DCMS under fire over tourism strategy ‘U-turn’
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DCMS under fire over tourism strategy ‘U-turn’

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The Tourism Alliance has criticised the Department for Culture, Media and Sport’s (DCMS) decision to ‘merge’ VisitEngland and VisitBritain, warning that the move creates a number of “major problems” for the UK tourism industry.

Tourism minister Tracey Crouch announced this week that the organisations will be brought together under the responsibility of the British Tourist Authority. The move comes despite recommendations from both the recent Select Committee Inquiry on Tourism and DCMS’s own Triennial review of the operations of VisitEngland and VisitBritain to formally separate the two bodies.

Published in March 2015, the DCMS Triennial review concluded: “VE should be fully separated from VB and re-established as an executive NDPB in its own right. Greater transparency and accountability should drive improvements in the efficiency and effectiveness of both organisations.”

However, DCMS says it has decided not to proceed with the separation of the two bodies, because this would cost money that would be better spent on growing the visitor economy. Instead, VisitEngland will be subsumed by VisitBritain but will retain its own brand and a small team of staff.

The move has been criticised by the Tourism Alliance, which has warned that merging the two tourism bodies will harm domestic tourism in England, with the risk that funding earmarked for domestic use could be used to support international initiatives.

The tourism industry body added that the move throws up a conflict of interest over governance. VisitEngland’s board will only remain in an advisory capacity, with executive decisions being taken by the VisitBritain board - a situation which will see tourism representatives from Scotland, Wales and Northern Ireland making decisions on the future of their tourism rival England.

“The move is counter to the government’s policy on devolution which would dictate that there should be an autonomous tourism agency for England controlled by the English tourism industry,” Tourism Alliance director Kurt Janson told Leisure Opportunities.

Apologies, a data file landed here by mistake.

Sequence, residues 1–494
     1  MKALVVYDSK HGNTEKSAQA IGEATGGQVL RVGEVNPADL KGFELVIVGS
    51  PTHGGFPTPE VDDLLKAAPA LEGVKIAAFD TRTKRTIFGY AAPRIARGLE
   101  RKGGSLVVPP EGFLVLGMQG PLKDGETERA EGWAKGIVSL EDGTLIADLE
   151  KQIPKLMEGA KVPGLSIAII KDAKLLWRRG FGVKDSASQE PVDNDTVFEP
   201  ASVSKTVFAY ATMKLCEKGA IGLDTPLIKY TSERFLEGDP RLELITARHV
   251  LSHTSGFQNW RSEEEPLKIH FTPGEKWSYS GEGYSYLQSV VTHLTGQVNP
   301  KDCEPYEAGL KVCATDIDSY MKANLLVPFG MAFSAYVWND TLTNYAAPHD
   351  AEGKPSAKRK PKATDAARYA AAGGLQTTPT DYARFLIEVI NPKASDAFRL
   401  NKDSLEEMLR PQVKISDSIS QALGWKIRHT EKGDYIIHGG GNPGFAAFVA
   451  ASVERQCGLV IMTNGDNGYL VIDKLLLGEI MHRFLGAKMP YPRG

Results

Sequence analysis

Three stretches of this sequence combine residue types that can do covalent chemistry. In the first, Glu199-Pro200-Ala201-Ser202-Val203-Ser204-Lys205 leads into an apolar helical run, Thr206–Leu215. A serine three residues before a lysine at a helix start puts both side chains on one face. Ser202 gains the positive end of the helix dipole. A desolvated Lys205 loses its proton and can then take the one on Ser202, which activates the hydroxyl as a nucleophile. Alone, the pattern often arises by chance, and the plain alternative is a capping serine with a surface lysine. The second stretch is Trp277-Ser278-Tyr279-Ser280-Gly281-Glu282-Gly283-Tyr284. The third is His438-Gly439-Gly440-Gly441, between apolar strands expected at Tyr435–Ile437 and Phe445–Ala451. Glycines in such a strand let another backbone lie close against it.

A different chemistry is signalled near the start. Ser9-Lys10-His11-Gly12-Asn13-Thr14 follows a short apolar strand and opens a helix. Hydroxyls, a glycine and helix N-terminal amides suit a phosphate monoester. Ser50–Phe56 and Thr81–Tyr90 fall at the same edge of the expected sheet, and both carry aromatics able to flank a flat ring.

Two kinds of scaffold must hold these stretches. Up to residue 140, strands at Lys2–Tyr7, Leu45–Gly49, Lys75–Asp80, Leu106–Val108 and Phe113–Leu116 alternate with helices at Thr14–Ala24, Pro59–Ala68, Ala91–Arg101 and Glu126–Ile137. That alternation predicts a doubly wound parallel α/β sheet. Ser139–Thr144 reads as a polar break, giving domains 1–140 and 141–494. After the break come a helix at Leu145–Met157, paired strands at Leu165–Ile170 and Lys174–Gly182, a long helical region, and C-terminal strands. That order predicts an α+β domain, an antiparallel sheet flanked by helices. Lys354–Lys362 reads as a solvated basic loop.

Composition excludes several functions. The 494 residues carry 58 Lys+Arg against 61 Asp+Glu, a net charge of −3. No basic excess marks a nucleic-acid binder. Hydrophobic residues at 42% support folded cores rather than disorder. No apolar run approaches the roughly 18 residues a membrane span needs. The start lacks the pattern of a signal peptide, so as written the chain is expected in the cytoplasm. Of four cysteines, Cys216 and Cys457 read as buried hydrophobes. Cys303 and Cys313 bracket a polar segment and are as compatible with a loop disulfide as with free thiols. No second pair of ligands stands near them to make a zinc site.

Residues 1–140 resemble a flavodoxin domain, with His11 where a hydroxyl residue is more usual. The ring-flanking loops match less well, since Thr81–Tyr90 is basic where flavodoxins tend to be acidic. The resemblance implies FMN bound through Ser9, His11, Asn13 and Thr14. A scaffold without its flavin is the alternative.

“The new funding for tourism in England is to be dedicated to product development that supports international marketing activities and not activities that support the domestic tourism sector.”

A spokesperson for DCMS said that as tourism is a devolved matter for each home nation, the UK government thinks it's sensible to align the activities of VisitBritain and VisitEngland as it sponsors both.

"The government is fully committed to English tourism that's why we have protected VisitEngland's budget to 2020 and given an extra £40m specifically to boost English tourism,” said the spokesperson, referring to the new Discover England fund announced in the recent Spending Review.

“This fantastic financial settlement and a more focused strategy for English tourism will help reap huge economic benefits."

While a number of regional English tourism bodies are understood to be unhappy with the merger, Welcome to Yorkshire is thought to be broadly behind the restructuring.

A Welcome to Yorkshire spokesperson told Leisure Opportunities: "We work closely with VisitBritain and VisitEngland and will continue to do so under the new structural arrangements.?

"Welcome to Yorkshire is very supportive of the work done to promote our many great destinations to tourists from the UK and visitors from overseas."

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The Tourism Alliance has criticised the Department for Culture, Media and Sport’s (DCMS) decision to ‘merge’ VisitEngland and VisitBritain, warning that the move creates a number of “major problems” for the UK tourism industry.